3.4.4. Compiling on Win32 with Microsoft VC++
The standard compile uses the configure script, but the Windows platform cannot run the configure script natively. The current solution to this problem is that the Bochs configure script must be run on a different platform that does support shell scripts, with options that cause it to configure for a Win32 platform instead of the native one. Many people have access to a UNIX machine that could run the configure script, or you can use Cygwin or MinGW/MSYS to run the configure script. .
Download the Bochs sources on a machine that can run shell scripts. Edit the configure shortcut script .conf.win32-vcpp if you want to adjust the configure options. Then type these commands in the Bochs source directory:
sh .conf.win32-vcpp make win32_snap
These commands will run the configure step, produce VC++ makefiles and workspace files, and pack it all into a .zip file in the directory above the source directory . The .zip file is all ready to transfer to the target Windows machine to be unzipped and compiled. Or, if you run the sh/make steps in Cygwin, you are already on the target machine so you don't need the .zip file.
When you have the Win32 sources transferred to a Windows machine with VC++, find the workspace file called bochs.sln in the folder "vs2013" and load it in VC++. Choose Project:Set Active Project and be sure that "bochs" is selected. Then choose Build:Build bochs.exe. This will build all the required libraries (iodev, cpu, etc.) and the auxiliary programs bximage.exe, bxhub.exe and niclist.exe.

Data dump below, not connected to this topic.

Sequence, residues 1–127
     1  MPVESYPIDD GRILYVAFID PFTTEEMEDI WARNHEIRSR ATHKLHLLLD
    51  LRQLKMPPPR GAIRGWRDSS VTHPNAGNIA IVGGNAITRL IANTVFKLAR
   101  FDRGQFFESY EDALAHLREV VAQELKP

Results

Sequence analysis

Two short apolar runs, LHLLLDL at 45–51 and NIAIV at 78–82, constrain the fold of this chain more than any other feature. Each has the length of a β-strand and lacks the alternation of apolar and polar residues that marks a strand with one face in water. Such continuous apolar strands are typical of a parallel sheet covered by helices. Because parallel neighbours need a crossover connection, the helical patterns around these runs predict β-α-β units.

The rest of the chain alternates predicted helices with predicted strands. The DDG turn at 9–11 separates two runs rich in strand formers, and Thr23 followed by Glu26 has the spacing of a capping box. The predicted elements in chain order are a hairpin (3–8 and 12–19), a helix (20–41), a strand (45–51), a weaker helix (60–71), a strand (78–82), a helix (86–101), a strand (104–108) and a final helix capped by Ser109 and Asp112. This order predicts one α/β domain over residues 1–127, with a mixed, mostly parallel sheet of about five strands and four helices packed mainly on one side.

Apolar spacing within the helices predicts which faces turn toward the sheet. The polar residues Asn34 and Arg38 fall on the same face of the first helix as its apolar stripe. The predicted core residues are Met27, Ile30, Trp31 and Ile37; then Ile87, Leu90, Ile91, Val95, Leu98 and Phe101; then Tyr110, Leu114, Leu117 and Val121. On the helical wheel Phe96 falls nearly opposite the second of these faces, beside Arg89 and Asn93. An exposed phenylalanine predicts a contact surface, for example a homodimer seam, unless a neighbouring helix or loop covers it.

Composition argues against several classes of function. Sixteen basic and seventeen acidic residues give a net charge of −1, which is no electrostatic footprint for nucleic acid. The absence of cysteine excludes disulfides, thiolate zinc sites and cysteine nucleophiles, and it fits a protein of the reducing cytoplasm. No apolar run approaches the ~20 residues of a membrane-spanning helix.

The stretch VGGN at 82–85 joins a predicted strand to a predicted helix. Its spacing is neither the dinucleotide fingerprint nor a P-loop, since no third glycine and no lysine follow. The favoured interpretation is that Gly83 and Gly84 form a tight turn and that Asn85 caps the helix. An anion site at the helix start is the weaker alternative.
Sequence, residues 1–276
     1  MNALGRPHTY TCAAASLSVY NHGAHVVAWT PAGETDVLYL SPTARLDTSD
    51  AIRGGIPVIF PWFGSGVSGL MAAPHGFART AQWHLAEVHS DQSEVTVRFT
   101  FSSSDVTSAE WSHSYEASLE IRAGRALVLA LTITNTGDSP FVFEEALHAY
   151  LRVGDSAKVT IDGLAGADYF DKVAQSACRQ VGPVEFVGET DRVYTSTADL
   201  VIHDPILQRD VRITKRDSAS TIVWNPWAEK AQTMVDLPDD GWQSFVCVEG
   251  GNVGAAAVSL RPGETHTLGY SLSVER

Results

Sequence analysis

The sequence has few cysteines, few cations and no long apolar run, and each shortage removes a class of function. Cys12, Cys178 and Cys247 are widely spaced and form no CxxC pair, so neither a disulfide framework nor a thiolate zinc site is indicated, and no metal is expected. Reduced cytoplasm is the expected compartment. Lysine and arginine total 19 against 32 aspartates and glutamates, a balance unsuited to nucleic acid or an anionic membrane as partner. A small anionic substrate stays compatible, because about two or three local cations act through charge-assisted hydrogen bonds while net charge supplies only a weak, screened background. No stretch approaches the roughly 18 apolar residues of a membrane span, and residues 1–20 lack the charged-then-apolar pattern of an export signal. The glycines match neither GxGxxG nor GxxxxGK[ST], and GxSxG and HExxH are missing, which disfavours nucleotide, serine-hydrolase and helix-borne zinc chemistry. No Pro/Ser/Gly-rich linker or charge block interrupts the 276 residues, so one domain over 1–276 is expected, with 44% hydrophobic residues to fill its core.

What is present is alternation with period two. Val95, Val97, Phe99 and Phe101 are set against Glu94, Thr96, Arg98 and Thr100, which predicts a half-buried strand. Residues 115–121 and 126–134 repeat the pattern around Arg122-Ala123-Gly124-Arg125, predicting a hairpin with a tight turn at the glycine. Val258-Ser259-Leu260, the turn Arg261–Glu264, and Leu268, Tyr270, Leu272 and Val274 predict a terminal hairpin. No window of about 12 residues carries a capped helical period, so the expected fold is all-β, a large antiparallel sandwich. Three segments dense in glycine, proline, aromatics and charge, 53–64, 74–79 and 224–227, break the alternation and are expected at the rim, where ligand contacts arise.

Using workspaces is easy and intuitive, but there is one caveat. The workspaces come directly out of a ZIP file in build/win32/vs2013ex-workspace.zip, and they are not controlled by the configure script. When you compile with certain configure options (e.g.
--with-sdl) you need to link with additional libraries. For now you must add them to the VC++ workspace by hand. In version 2.0, we have improved the situation considerably by adding #if...#endif around every optional file and including nearly every Bochs source file in the workspace. This solves the problem of having to manually add source files to the workspace when you turn on configure options such as
--enable-debugger. The problem of adding link libraries remains unresolved.
Tip: To compile with the Bochs debugger enabled, add
--enable-debuggerto the configure line in .conf.win32-vcpp before running it. No modifications to the workspace are necessary.
An alternative way to compile is to run nmake.exe in an MS-DOS window. Instead of using the workspace files, nmake uses the Bochs makefiles that are generated by configure. The nmake method is currently used to build the release binaries.
The make install doesn't work with nmake yet. Currently it must be run inside of Cygwin or MinGW/MSYS and requires the environment variable INSTDIR to be set.